After a quick game of eenie-meenie-miney-moe, I chose the Photo Hatchback 16L AW. It was lightweight, rain-proof and compact. And yet, as if through some sort of sorcery, the bag could still stow all that gear my doppelgänger and I decided to carry — an Olympus OM-D E-M1 with its big, chunky 12–40 f2.8 Pro zoom; a Hasselblad Xpan with its 45mm f3.5 lens; a Ricoh GR, complete with its 21mm conversion lens; an Olympus Pen EE–2; a big sack of film; an iPhone; an iPad; chargers; snacks; little bits of photo-centric flotsam and jetsam; and the all-important 1-quart Ziplock bag, filled with airline-sanctioned 100ml bottles of assorted liquids.
Although it required hiring a crane to lift the bag and install it onto my back, it was — once properly positioned — quite comfortable.
In Part 1 of this article, I discussed my use of film, and my desire to photograph something other than tourism sites. So this article is going to look at Doppelgor’s influence. In particular, I’ll discuss what it was like shooting with a zoom lens (which is something I haven’t used in nearly a decade), plus my experience of having to shoot from a backpack.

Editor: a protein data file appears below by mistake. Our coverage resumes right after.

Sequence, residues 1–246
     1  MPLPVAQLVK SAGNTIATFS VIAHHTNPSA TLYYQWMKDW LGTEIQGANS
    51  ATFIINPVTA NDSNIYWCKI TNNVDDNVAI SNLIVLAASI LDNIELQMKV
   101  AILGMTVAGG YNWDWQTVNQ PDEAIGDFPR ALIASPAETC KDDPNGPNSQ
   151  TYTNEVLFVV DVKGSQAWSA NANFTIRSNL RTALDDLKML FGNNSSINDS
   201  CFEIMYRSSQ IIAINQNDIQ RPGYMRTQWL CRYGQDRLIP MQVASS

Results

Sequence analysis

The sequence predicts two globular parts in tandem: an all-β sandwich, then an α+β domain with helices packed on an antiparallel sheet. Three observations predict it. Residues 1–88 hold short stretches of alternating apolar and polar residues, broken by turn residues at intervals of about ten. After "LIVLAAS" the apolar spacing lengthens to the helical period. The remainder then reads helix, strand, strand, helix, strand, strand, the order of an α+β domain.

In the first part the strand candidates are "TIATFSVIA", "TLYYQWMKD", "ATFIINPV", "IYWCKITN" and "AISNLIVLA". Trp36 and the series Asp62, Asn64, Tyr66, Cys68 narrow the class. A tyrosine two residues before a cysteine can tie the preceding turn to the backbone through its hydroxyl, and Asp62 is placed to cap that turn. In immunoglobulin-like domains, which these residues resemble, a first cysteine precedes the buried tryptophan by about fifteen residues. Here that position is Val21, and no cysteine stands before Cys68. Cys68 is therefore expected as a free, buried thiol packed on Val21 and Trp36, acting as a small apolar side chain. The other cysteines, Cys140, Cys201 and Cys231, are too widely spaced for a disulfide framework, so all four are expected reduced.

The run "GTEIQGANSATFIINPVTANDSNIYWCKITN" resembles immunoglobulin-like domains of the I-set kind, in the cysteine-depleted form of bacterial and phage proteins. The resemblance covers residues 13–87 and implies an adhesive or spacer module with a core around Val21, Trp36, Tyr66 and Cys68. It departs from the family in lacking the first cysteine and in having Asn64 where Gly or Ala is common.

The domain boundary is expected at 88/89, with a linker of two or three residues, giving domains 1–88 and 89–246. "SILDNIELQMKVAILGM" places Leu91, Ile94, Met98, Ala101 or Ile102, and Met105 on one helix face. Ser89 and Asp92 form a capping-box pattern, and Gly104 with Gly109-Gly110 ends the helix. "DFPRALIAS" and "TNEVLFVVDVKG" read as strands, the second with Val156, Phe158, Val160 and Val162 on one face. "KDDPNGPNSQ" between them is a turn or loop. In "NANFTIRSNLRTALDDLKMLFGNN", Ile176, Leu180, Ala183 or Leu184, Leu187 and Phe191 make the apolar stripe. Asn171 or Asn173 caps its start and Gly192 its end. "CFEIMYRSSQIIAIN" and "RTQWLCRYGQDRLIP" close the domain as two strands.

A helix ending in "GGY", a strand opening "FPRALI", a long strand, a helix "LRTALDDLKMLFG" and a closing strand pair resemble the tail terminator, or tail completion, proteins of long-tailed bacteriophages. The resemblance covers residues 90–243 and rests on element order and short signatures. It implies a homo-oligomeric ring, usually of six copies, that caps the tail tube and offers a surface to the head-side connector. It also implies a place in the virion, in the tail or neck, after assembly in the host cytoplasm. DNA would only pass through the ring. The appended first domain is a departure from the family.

Curiously, I never got over my reluctance to use the Olympus 12–40 f2.8 PRO lens. I felt totally uninspired every time it was in my hands — like I was using a scenic-reprographic machine, instead of a camera. Believe me, I’m fully aware this is an entirely psychological disorder, and that there’s no rational reason for this lens to negatively impact my photographic inspiration.
Nor is there any empirical evidence to support my blasé attitude toward this lens. The fact is, it performed perfectly and never once failed to deliver whatever I asked of it. What’s more, it delivered under conditions I wouldn’t dare have forced upon any of my other lenses (or camera bodies, for that matter). It was subjected to gail force winds; driving rain coming off the North Atlantic; pellets of sleet; and bucketloads of snow — and it stood up to all these conditions far better than I did.